A Crush on a Thrush

When I did my Fictional Asked Questions last month, I nearly included a question from “Bored Birder” demanding to know if I was ever going to take birdwatching seriously.  To which the answer would of course be No.   I love watching birds, and taking photos, but I’m not keeping any lists or chasing any rarities.  In fact the one birdwatching activity that I found stressful was the Big Garden Birdwatch, when counting and identification really mattered.  I’m still worried that my jackdaws may have been rooks.

But tonight I could use some help from my readers who know birds.  A pair of thrushes visited my garden in Northern Ireland this evening.

thrush on front lawn (1)

These lovely birds deserve praise on the blog for being kind enough to pose in the golden light.  They also deserve proper identification.  I shouldn’t be advertising song thrushes if I’ve actually got mistle thrushes.

thrush on fence (2)They came and left together, so I assume they are both one species.  I know that Songs are smaller, and more common, than Mistles, but that doesn’t help.

thrush under fence (1)Someone out there must know.

 

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7 Comments Add yours

  1. Thrushes is good enough for me 🙂

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    1. Karolyn Cooper says:

      But just imagine if we were identifying cakes. You would demand accuracy then, wouldn’t you?

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      1. Nah… but a deliciousness rating always comes in handy 😉

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  2. Kim in Fiji says:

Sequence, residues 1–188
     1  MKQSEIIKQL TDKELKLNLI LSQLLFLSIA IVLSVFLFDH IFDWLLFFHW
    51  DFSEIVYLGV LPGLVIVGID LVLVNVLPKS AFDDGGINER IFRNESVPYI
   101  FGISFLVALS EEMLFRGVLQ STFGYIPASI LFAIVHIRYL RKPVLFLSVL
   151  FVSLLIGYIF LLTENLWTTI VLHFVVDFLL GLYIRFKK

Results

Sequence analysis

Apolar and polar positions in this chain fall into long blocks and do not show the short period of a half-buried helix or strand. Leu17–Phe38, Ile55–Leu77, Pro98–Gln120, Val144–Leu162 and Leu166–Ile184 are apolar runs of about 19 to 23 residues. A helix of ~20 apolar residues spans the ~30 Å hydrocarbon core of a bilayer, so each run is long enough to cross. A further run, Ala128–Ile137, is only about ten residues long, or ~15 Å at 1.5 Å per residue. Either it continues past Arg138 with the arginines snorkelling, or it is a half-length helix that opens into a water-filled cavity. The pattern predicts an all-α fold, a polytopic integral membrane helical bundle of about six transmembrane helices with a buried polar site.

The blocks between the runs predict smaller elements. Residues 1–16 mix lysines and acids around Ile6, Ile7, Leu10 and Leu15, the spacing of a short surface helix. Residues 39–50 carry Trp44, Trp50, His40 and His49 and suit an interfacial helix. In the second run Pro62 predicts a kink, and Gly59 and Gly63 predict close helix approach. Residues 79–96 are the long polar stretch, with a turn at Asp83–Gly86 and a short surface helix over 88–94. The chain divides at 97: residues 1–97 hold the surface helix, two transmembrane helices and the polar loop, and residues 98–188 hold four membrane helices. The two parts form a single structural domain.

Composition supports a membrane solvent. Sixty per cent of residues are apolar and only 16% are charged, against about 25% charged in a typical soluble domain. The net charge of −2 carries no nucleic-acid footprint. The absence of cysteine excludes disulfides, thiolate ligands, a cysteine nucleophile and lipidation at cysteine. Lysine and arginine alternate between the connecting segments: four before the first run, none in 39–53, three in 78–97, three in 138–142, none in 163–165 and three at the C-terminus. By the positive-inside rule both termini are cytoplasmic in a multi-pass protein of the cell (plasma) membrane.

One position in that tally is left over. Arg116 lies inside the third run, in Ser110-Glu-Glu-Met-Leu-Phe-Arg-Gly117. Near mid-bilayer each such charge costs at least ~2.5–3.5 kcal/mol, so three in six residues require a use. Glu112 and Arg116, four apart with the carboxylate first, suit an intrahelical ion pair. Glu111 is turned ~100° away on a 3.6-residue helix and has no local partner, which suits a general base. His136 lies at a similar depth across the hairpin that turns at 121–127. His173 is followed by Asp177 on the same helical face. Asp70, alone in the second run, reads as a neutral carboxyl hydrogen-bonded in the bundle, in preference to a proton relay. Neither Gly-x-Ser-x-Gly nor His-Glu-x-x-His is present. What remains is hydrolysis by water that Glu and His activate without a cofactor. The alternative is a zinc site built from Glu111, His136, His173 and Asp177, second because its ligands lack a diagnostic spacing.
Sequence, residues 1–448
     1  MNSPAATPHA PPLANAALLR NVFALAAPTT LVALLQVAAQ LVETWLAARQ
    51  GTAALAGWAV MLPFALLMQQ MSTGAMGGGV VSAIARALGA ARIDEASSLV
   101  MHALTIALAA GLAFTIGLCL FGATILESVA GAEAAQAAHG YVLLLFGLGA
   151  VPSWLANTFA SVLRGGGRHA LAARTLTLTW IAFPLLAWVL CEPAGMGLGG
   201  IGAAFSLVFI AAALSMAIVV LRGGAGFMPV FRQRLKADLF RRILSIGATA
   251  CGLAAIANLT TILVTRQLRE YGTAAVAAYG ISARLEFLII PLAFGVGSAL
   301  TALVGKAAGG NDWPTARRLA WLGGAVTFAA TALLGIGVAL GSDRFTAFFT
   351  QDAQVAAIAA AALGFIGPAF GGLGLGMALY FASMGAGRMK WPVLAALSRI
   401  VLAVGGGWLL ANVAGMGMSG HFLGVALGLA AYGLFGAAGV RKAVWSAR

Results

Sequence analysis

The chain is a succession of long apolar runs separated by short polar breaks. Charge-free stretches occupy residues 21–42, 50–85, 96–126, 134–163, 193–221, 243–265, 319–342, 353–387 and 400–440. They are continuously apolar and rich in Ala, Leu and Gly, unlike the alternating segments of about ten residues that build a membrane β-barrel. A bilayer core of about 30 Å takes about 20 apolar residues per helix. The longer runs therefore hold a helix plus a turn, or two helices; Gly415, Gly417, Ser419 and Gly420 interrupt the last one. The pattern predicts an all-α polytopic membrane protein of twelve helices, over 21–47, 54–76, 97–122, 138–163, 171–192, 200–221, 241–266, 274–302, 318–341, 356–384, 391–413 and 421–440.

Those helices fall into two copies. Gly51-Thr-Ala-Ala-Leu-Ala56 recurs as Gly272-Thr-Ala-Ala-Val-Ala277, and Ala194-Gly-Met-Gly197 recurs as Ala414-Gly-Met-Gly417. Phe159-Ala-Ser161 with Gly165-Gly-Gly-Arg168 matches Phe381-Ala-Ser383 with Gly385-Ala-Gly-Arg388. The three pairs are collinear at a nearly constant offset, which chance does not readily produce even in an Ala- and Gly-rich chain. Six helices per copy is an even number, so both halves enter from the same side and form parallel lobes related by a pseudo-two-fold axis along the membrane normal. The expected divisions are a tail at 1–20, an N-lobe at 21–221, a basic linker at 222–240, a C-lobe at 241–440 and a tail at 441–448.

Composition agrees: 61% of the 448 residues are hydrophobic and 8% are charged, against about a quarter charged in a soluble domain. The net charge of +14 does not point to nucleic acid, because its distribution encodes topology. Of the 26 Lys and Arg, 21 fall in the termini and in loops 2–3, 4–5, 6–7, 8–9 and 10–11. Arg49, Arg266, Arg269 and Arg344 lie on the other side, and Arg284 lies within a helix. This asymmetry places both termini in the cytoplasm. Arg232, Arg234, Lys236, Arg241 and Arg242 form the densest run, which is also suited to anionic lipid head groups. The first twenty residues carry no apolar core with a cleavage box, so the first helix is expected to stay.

These birds are lovely. The photos are enough – I don’t need any names. 🙂

    Liked by 1 person

    1. Karolyn Cooper says:

      They really were beautiful. And I appreciated the moment. It was only afterwards that I started being a “bird nerd” about it.

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  3. linnetmoss says:

    Hard to tell the difference between those two but given the grey colour of the upper parts, I vote for the Mistle Thrush:
    http://carolinabirds.org/HTML/EU_Thrush.htm

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  4. Karolyn Cooper says:

    Thanks Linnetmoss for the link to Carolina Birds. The British Trust for Ornithology also has a factsheet which suggests that the Mistle Thrush has white wingtips: http://www.bto.org/sites/default/files/u23/downloads/pdfs/thrushes_01_2012_low_res.pdf
    So I’m going with your suggestion and calling this for the Mistle Thrush.

    Like

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